- actions in these fields of human development should be implemented in full compliance with the objectives of the European Employment Strategy, as set out in the Integrated Guidelines for Growth and Jobs. All Member States should promote the anticipation of change within the agricultural sector in the context of restructuring, and develop a proactive approach to training and retraining of farmers, particularly as regards transferable skills;

- the Rural Development Network should establish, as its central work theme in 2008, job creation in rural areas.

The Commission will reinforce the use of statistical instruments in assessing the employment effects of rural development policies in the context of the Common Monitoring and Evaluation Framework for Rural Development.

Annex: Key Characteristics of Rural Areas in EU-27

Territorial Characteristics |

EU-27 | Predominantly Rural | Significantly Rural | Predominantly Urban | Definition of region | Year |

% Territory | 100,0 | 57,0 | 35,7 | 7,3 | NUTS 3 | 2003 |

% Population | 100,0 | 20,5 | 37,8 | 41,7 | NUTS 3 | 2003 |

% GVA | 100,0 | 13,2 | 31,7 | 55,0 | NUTS 3 | 2002 |

% Employment | 100,0 | 18,7 | 34,6 | 46,7 | NUTS 3 | 2002 |

% Utilised agricultural area (1) | 100,0 | 43,2 | 46,8 | 10,0 | FSS District | 2003 |

(1) excluding ES, SL |

Demographic Characteristics |

EU-27 | Predominantly Rural | Significantly Rural | Predominantly Urban | Definition of region | Year |

Population density (per km2) | 114,8 | 40,9 | 118,2 | 638,7 | NUTS 3 | 2003 |

% people aged 15–64 in total population (1) | 67,2 | 65,9 | 67,1 | 68,0 | NUTS 3 | 2001 |

Net migration rate(2) | 3,9 | 1,8 | 4,0 | 4,8 | NUTS 2 | 2003 |

(1) excluding BE, DK, LV, MT, SI |

(2) excluding EE, CY, LU, MT |

Economic Characteristics |

EU-27 | Predominantly Rural | Significantly Rural | Predominantly Urban | Definition of region | Year |

GDP/capita (EU-25 = 100) | 95.5 | 64,5 | 82,3 | 122,8 | NUTS 3 | 2001 |

Primary sector as % total GVA (1) | 2,3 | 5,1 | 2,8 | 0,9 | NUTS 2 | 2002 |

Tertiary sector as % of total GVA | 71,1 | 62,4 | 67,9 | 74,5 | NUTS 3 | 2002 |

(1) excluding MT |

Employment Characteristics |

EU-27 | Predominantly Rural | Significantly Rural | Predominantly Urban | Definition of region | Year |

Employment rate % | 62,7 | 60,1 | 61,9 | 64,7 | NUTS 2 | 2004 |

Rate of unemployment (% active population) | 9,2 | 9,9 | 10,1 | 7,8 | NUTS 2 | 2004 |

Long-term unemployment (% active population) | 4,1 | 4,5 | 4,7 | 3,3 | NUTS 2 | 2004 |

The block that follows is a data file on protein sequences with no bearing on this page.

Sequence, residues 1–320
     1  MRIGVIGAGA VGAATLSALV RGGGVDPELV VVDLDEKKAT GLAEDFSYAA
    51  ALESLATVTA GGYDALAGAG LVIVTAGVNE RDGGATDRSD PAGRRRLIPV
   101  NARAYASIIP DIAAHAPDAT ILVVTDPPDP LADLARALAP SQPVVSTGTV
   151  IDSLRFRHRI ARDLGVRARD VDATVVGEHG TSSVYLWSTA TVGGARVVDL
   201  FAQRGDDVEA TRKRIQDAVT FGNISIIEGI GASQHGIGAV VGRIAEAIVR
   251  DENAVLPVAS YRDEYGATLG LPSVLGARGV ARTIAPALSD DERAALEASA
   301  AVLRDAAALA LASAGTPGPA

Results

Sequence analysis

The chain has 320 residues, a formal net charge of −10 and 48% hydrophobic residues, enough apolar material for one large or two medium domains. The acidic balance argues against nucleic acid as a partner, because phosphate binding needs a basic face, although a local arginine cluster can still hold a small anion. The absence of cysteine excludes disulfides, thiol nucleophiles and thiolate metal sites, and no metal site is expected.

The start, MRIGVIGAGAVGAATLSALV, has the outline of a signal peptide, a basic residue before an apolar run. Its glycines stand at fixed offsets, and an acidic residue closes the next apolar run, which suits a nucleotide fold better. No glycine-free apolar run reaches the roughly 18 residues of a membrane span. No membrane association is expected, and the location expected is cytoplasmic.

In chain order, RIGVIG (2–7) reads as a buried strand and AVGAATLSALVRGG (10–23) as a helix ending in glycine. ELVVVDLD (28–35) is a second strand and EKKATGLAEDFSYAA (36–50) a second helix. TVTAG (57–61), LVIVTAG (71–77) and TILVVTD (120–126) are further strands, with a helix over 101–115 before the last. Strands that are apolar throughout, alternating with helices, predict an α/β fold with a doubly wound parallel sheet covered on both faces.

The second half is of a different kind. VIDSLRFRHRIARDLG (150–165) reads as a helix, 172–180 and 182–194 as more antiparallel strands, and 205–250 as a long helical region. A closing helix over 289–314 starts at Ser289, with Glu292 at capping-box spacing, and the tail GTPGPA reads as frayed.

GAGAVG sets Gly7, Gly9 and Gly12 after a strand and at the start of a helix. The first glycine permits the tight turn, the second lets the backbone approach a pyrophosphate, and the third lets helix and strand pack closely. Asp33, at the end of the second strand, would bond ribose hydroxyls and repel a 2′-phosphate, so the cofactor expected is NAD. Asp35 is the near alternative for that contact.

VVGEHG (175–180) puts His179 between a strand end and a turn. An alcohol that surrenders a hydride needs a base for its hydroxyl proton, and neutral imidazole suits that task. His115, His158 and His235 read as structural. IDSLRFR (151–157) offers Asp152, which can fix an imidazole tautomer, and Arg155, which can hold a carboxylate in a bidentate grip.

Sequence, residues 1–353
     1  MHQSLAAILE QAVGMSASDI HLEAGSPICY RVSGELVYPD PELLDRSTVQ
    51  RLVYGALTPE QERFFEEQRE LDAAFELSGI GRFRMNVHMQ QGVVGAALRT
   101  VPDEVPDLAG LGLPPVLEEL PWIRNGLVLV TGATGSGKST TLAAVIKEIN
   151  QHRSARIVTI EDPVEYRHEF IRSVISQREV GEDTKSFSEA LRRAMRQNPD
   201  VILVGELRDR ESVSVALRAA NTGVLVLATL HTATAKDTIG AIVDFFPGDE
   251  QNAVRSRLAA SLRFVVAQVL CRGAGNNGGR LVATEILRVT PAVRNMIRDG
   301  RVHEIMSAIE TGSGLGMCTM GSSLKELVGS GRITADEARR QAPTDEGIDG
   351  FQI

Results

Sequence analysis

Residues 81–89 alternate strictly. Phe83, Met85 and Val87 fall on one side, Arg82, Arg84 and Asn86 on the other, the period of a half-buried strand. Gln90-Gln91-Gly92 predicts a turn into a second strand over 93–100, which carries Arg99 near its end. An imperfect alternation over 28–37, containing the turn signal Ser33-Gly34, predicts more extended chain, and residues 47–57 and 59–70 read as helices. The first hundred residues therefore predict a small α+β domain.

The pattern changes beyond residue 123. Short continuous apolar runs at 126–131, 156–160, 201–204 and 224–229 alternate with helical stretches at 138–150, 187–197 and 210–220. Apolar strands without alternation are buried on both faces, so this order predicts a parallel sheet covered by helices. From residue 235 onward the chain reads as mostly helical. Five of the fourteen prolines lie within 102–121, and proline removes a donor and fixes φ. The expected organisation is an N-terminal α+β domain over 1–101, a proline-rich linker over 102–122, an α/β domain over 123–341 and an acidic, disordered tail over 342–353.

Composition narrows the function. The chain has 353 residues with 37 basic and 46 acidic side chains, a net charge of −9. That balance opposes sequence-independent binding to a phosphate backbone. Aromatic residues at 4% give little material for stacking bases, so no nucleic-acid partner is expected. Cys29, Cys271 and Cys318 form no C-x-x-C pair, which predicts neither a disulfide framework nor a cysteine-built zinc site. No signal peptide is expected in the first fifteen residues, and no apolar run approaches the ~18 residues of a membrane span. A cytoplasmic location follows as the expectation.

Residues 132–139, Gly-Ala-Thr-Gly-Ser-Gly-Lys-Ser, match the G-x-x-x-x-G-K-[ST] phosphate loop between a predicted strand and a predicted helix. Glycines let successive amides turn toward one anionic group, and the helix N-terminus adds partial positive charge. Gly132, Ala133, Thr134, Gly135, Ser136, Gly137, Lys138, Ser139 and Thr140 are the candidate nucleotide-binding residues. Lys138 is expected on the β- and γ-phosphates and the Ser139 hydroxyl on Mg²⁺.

Self employment as % of total employment | 15,3 | 19,3 | 15,2 | 13,8 | NUTS 2 | 2004 |

Adults participating in education and training as % of population (1) | 8,5 | 8,2 | 7,8 | 10,1 | NUTS 2 | 2004 |

Employment in primary sector % | 6,7 | 20,6 | 6,9 | 1,7 | NUTS 2 | 2002 |

Employment in tertiary sector % (2) | 66,8 | 57,1 | 65,0 | 74,7 | NUTS 3 | 2002 |

(1) excluding EL |

(2) excluding NL, RO |

Source: Rural Development in the European Union – Statistical and Economic Information – Report 2006, http://ec.europa.eu/agriculture/rurdev/index_fr.htm |

[1] COM(2005) 24.

[2] This definition of rural areas has been adopted in the context of Council Decision of 20 February 2006 on Community strategic guidelines for rural development (programming period 2007 to 2013) (2006/144/EC). The OECD defines areas as predominantly rural, significantly rural or predominantly urban according to population density and is based on the share of population living in rural communes (i.e. with less than 150 inhabitants per km²) in a given NUTS II or III region. See Extended Impact Assessment SEC(2004) 931 and SEC(2005) 914. The 1284 NUTS 3 regions of the EU-27 are broadly evenly divided between the three rural-urban categories. The Commission is currently undertaking work on alternative definitions that better reflect the diversity of significantly rural areas, including peri-urban areas.

[3] Study on Employment in Rural Areas (SERA), p. 214http://ec.europa.eu/agriculture/rurdev/index_fr.htm

[4] SERA, p. 34

[5] SERA, p. 44

[6] OECD 2006. Rural Policy Reviews. The New Rural Paradigm. POLICIES AND GOVERNANCE, p. 27.

[7] SERA, p. 133

[8] SERA, pp. 47-48.

[9] Source: Rural Development in the European Union – Statistical and Economic Information – Report 2006, http://ec.europa.eu/agriculture/rurdev/index_fr.htm.

[10] Informal Agricultural Council, Krems 2006.

[11] SERA, p. 84.

[12] Key actions identified under Council Decision 2006/144/EC of 20 February 2006 on Community strategic guidelines for rural development (programming period 2007 to 2013) (OJ L 55, 25.2.2006, p. 20).

[13] Ibid. Section 3.6.

[14] Council Decision 2006/702/EC of 6 October 2006 on Community strategic guidelines on cohesion (OJ L 291, 21.10.2006, p. 11) Annex, Section 2.2.